Here’s a useful little gimmick for being able to draw molecular orbitals of any cyclic aromatic ring system.
Let’s say you’re asked to draw the molecular orbitals for benzene.
Here’s what you do. Draw a hexagon – and make sure to put a vertex [that’s a pointy part] down. This is important or it won’t work.
Now where every vertex is, draw a horizontal line.
Voila. You have just described the positions of the molecular orbitals for benzene.
Now fill them up with electrons! In the case of benzene we have 6 Pi electrons. So fill the orbitals, lowest energy first (Hund’s rule!), and you’re done.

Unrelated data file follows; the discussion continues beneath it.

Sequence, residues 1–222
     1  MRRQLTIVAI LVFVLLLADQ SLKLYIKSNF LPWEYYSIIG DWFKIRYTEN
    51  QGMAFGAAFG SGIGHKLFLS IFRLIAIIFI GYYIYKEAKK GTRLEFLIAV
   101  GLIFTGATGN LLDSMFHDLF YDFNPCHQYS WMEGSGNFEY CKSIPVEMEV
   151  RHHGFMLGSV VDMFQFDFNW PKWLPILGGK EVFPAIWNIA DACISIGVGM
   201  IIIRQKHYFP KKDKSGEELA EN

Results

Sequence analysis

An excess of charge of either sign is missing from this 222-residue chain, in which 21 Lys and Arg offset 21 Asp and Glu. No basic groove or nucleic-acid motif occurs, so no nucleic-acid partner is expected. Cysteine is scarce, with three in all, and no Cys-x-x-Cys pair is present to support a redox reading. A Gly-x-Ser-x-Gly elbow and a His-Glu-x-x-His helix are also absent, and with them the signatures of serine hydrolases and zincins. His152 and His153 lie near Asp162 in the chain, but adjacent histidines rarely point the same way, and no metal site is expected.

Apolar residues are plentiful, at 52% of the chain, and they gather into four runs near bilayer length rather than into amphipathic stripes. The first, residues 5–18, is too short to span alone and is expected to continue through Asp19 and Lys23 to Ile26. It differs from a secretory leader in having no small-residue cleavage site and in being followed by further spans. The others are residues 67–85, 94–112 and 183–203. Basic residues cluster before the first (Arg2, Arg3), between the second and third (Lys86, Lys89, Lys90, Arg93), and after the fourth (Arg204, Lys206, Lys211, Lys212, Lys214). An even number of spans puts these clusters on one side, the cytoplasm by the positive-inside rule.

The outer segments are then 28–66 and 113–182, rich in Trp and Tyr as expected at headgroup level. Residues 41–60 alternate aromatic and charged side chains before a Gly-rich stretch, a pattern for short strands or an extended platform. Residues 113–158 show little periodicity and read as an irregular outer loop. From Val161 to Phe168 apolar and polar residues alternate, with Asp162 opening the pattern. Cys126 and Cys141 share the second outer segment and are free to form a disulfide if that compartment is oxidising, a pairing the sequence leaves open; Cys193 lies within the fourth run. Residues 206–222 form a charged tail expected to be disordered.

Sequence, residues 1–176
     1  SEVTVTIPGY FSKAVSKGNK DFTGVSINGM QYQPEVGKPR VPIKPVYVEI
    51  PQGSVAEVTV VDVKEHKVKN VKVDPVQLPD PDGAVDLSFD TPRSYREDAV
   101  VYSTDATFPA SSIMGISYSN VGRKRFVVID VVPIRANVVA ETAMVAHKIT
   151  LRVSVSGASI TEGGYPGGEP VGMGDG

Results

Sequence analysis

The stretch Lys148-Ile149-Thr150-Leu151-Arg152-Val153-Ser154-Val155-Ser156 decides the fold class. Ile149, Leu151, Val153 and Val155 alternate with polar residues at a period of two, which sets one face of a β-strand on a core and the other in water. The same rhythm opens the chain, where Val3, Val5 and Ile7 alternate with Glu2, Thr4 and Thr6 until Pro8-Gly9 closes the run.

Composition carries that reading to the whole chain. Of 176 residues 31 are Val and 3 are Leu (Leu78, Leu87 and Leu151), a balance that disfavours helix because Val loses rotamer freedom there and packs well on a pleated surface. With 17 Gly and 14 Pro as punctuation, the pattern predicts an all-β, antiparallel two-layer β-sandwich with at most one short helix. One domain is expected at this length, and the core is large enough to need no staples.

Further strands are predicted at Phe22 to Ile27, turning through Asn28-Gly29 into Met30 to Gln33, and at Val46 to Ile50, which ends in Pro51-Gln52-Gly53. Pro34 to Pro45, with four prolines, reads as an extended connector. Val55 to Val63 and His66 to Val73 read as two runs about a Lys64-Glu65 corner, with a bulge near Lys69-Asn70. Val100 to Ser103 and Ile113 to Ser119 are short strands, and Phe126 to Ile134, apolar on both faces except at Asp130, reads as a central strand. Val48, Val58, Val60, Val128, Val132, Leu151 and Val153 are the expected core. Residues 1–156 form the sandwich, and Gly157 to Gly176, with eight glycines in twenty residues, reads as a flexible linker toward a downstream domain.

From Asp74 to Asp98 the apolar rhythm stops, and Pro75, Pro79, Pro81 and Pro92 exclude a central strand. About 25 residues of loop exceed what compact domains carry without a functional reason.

It also works for other systems too, so long as there’s just one ring. Just make sure that the point is pointing down.
Can you see why cyclobutadiene is especially unstable? Because you have two orbitals with single electrons in them (free radicals!). Likewise for the cyclopentadienyl cation.
This technique is called Frost Circles. It’s also described here.
By the way there’s no real “reason” why this method works. It’s just a coincidence (like how Bode’s law describes the placement of planets in the solar system) that it describes this phenomenon so well.
Tomorrow: we come back to carbocation stability.
Thanks for reading! James